My friends and family sometimes make fun of my enthusiasm for helping younger students and prospies at Stanford. So-nicknamed “patron saint of freshmen” and verbose tour guide that I am, I’m delighted to see hundreds of bright-eyed and bushy-tailed newbies making their way across campus. Except, of course, when they’re on bikes.
I could couch this in coddling, matronly phrasing, but I have been almost run over by five too many freshmen this week. Fifteen-ers, you’re members of the most competitive admit class we’ve ever had, and by all metrics you’re the nation’s best and brightest. Please start biking like it.
Some of the problems seem to derive from a tragic absence of savoir-faire. If you’re pedaling at 2000 rpm or slowly pounding the pedals like a human steamboat piston, you need to shift gears. If you can’t see, your helmet is on backwards. If your pedals seem stuck, you probably left your kickstand down. D’oh.
But some of the issues I’ve noticed have been those of mere courtesy. Bike in a straight line. Make clear to those around you where you’re going so we don’t have to swerve, Mission Impossible style, to avoid the reckless ball of fury that is your bike. Don’t brake, turn, or stop at random. Nobody’s morning bike commute should be a daily reflex test. If you constantly hear braking around you, you’re probably clipping everyone in the vicinity.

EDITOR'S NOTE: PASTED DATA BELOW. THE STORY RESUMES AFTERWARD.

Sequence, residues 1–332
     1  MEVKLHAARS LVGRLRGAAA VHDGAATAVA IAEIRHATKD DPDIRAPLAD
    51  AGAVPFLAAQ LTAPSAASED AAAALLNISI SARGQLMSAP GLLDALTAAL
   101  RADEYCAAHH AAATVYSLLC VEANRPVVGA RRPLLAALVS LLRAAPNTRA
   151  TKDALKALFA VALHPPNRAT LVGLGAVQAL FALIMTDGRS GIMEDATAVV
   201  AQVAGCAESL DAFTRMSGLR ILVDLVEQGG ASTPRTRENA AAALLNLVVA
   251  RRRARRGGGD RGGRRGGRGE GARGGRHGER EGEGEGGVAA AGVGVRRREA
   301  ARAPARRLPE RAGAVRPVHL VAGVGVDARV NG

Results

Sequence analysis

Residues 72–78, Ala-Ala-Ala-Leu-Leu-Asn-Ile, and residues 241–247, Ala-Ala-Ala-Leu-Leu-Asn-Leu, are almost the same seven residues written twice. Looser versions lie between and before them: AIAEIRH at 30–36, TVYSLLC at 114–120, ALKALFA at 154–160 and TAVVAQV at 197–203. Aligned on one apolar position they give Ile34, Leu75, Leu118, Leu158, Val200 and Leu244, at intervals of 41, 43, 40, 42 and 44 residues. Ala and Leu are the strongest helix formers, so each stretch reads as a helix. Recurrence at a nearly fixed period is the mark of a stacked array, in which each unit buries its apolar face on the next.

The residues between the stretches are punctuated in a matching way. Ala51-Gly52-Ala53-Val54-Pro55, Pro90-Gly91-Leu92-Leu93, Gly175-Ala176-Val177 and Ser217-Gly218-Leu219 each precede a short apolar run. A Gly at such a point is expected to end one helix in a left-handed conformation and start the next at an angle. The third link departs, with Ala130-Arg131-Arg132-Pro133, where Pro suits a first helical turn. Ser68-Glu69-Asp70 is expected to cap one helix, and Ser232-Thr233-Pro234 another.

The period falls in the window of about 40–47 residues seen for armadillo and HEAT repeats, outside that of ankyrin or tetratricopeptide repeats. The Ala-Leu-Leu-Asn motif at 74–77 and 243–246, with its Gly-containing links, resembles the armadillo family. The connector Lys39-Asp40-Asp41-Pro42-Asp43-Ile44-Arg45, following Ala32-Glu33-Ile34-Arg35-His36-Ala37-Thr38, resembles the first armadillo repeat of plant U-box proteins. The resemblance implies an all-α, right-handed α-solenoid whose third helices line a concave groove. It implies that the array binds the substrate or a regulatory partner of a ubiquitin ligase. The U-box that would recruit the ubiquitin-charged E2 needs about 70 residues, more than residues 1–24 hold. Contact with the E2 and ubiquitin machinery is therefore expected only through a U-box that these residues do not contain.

But the most inexcusable crime I’ve seen thus far is the perpetual earbuds foul. Or, worse, the earbuds-while-texting-and-holding-coffee foul. How are you supposed to get to class safely if you can’t hear, or even see, your surroundings? If you can’t survive without your personal soundtrack for the five minutes it takes to get to class, you have bigger problems than that of getting to class on time.
Sometimes it takes a bike accident to set the worst of the bike offenders on the straight and narrow. I truly hope that doesn’t have to be the case for this freshman class. But if the biking etiquette on campus doesn’t improve, stat, we upperclassmen might have to bust out the water guns for some, shall we say, encouragement.
I’ve got one with your name on it, Earbud Boy.